Royal Gleanings for Oasis of the Seas


Royal Caribbean executives
Lisa Bauer, senior vice president, hotel operations; Adam Goldstein, president and CEO, Royal Caribbean, Richard Fain, chairman and CEO, Royal Caribbean Cruises Ltd; and Captain William Wright, senior vice president, marine operations

During a two-night preview cruise for trade and media onboard Royal Caribbean International’s Oasis of the Seas last weekend, the line’s senior management outlined their perspectives about the 225,282-ton ship and its potential for future success.

Heading up the briefing was Richard Fain, chairman and CEO, Royal Caribbean Cruises Ltd., Royal Caribbean International’s parent company. Joining him were these Royal Caribbean International executives: Adam Goldstein, president and CEO; Lisa Bauer, senior vice president, hotel operations; Captain William Wright, senior vice president, marine operations; and Vicki Freed, senior vice president, sales.

Costs and Efficiencies

Energy savings on Oasis of the Seas are 30 percent more than on Royal Caribbean’s other ships. “One could simply build a larger ship,” acknowledged Fain, who said many people expected the line to opt for just a larger version of a Freedom-class ship. But in Royal Caribbean’s perspective, that wasn’t the way to go. “Not only did we make it larger, we’ve added new things,” Fain said.

“We have plowed some of the savings back from the economies of scale into what I call ‘diseconomies’ of scale,’” Fain noted. For example, any savings help cover unusual costs for innovative new features such as hiring synchronized swimmers and high divers to perform in the Aqua Theater.

Innovative offerings like the theater, zip lining and so on, in turn, allow Royal Caribbean to attract higher prices. “We end up with a very good model that’s ‘higher prices, lower costs’ and that’s a model you can take to the bank anywhere,” said Fain.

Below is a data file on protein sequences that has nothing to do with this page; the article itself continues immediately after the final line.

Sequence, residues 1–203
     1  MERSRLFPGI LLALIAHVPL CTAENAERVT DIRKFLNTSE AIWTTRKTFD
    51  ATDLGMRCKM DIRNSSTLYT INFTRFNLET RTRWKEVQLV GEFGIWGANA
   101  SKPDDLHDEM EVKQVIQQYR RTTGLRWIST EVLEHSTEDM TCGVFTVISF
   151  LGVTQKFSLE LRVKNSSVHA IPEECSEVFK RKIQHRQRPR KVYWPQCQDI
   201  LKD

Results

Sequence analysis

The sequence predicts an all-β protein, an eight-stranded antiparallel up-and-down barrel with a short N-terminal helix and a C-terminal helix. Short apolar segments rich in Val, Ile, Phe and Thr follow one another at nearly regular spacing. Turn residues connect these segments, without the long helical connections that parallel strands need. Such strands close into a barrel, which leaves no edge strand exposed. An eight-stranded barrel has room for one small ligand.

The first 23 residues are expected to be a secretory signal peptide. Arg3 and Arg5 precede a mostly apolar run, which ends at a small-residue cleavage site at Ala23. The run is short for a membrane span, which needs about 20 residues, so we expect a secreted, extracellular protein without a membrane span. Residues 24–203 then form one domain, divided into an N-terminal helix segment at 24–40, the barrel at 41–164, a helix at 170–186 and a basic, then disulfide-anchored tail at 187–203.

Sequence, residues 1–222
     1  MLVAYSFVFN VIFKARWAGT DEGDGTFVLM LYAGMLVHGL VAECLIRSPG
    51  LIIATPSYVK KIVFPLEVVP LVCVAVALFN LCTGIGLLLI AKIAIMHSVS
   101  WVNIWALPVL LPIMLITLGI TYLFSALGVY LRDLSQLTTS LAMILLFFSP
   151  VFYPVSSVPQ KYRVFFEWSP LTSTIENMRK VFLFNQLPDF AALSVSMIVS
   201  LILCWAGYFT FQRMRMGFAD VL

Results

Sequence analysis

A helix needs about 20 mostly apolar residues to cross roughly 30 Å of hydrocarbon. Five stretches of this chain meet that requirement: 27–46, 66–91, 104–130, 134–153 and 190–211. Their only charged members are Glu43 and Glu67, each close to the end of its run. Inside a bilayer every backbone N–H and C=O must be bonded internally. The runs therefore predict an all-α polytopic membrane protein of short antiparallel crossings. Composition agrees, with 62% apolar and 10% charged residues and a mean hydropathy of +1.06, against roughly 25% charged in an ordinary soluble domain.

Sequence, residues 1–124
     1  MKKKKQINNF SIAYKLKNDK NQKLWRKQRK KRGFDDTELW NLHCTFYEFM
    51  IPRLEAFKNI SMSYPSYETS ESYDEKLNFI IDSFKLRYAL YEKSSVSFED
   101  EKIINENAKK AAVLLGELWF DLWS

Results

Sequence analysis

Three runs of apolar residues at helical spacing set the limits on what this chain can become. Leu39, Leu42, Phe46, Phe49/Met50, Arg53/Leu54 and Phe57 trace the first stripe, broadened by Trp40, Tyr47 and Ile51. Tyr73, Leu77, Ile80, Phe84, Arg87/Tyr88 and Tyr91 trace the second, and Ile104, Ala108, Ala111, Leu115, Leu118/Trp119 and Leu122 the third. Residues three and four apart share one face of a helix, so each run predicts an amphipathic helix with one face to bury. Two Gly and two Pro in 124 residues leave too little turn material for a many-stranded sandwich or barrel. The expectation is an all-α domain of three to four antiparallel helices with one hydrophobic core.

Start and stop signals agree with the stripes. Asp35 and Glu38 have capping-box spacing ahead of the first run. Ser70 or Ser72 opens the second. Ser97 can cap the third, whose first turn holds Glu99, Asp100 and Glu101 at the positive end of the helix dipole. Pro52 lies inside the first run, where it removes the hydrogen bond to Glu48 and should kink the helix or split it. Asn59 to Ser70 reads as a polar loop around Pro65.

Tradition, Evolution and Revolution

One watchword for the line early in the ship design process was that it wanted to create something game-changing, as it had done with other classes of its ships in the past, according to Fain. So Oasis of the Seas’ options and amenities are one third traditional, one third evolutionary and one third revolutionary. 

Royal Caribbean’s loyal past guests will comfortably navigate to Café Promenade, the Schooner Bar and other familiar spots onboard. “You’re a Royal Caribbean aficionado and you’re home,” Fain said. 

On the evolutionary side, the line took design and activity elements of its other ships and expanded or improved upon those. “The Royal Promenade is amazingly better but it’s still a Royal Promenade,” Fain noted. The main theater, while similar to that on other ships, has many enhancements.

Revolution came in the ship’s design. Initially, Royal Caribbean looked at simply enlarging the ship with more interior space, but Goldstein said the line’s planning team couldn’t get excited about that as “the ratio of what was outside to what was interior was off.” That dilemma was solved by opening up the central spine of the ship with the 62-foot-wide, open-air interior core.